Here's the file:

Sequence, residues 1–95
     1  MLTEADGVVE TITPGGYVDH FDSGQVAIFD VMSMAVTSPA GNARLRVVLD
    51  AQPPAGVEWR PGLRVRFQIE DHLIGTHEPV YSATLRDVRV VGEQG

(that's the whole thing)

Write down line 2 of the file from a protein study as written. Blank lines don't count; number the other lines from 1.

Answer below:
     1  MLTEADGVVE TITPGGYVDH FDSGQVAIFD VMSMAVTSPA GNARLRVVLD